What is the diameter of the Earth and does it increase over time?
"Now the distance from S [Syrene] to A [Alexandria] was known by measurement to be 5,000 stades; it followed that the circumference of the earth was 250,000 stades. This is the figure given by Cleomedes, but Theon of Smyrna and Strabo both give it as 252,000 stades. The reason for the discrepancy is not known; it is possible that Eratosthenes corrected 250,000 to 252,000 for some reason, perhaps in order to get a figure divisible by 60 and, incidentally, a round number (700) of stades for one degree. If Pliny is right in saying that Eratosthenes made 40 stades equal to the Egyptian skoinos, then, taking the skoinos at 12,000 Royal cubits of 0.525 metres, we get 300 such cubits, or 157.5 metres, i.e. 516.73 feet, as the length of the stade. On this basis 252,000 stades works out to 24,662 miles, and the diameter of the earth to about 7,850 miles.Source: A History of Greek Mathematics (Heath 1921).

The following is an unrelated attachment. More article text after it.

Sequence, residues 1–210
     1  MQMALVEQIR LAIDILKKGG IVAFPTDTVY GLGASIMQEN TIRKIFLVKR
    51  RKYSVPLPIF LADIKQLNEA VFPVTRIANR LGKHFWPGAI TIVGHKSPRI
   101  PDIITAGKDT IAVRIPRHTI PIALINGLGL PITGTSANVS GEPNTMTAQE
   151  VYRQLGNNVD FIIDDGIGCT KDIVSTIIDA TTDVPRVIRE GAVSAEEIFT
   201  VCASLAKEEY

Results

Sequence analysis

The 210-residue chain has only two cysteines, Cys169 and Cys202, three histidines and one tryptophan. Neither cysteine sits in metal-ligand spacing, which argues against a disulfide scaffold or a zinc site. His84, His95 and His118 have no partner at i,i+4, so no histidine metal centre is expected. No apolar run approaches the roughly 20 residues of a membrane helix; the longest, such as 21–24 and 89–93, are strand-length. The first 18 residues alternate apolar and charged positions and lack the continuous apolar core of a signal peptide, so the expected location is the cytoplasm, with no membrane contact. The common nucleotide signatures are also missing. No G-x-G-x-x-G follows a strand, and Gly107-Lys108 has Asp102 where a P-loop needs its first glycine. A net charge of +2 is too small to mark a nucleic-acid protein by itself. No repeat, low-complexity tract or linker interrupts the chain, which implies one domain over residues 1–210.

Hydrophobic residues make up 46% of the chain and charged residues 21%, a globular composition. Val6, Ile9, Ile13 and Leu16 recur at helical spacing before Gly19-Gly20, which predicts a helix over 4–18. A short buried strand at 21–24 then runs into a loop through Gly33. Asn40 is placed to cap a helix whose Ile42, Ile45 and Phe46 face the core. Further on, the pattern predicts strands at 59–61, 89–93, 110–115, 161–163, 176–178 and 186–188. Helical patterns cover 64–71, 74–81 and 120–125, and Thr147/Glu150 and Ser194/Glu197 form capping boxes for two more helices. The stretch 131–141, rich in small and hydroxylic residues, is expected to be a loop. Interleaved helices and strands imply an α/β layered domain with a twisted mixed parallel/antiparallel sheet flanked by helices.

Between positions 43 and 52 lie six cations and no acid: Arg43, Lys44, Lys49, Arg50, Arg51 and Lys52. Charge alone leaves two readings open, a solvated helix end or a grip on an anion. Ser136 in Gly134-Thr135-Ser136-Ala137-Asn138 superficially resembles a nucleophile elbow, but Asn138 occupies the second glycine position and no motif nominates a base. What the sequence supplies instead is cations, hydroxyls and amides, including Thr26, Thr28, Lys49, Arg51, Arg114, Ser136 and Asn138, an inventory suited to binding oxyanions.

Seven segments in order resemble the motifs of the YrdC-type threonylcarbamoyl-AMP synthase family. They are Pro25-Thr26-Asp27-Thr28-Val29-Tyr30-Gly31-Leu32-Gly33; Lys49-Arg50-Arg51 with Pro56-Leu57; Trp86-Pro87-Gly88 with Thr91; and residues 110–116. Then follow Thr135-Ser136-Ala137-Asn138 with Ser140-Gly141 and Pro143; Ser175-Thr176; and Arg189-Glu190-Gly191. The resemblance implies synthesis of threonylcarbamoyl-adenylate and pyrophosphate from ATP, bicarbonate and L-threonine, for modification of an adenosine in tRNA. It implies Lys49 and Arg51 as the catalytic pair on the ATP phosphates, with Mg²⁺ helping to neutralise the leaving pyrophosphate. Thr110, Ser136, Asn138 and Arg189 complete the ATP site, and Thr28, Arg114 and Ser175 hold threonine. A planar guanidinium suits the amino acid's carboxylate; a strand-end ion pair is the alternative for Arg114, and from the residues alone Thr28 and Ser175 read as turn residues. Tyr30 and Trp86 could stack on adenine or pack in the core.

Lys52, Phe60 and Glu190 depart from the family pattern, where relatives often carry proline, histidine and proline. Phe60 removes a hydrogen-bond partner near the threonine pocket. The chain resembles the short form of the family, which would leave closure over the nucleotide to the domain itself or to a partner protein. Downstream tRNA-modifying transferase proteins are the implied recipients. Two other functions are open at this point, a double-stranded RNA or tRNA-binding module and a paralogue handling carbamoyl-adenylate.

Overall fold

Theon of Smyrna
"Thus the whole diameter of the Earth would be approximately 80,182 stades. For three times this number plus a seventh of it was the perimeter of 252,000 stades."
Quoted from On Mathematics Useful for Understanding of Plato.
Also 7,850 miles.
Ptolemy in the Geographia improved on the work of Eratosthenes. He calculated 1 degree as 500 stades, which using Heath's math works out to an Earth diameter of 5,607 miles.
Plus, according to one author, "he tended to overestimate the breadth of the whole known world." (Evans 1998)
Modern measurements are all over the place (as usual there is no scientific consensus). See here.
However, The North American Datum of 1983 (NAD83) [Schwarz, Ed., NOAA, 1989] was determined by the NGS to be 12,756.274 km (7926.75 miles) on the major axis (equatorial), and 12,713.504 km (7900.17 miles) on the minor axis (polar), with an average diameter of 12,734.889 km (7913.46 miles).
At least 76.75 miles growth in 2223 years.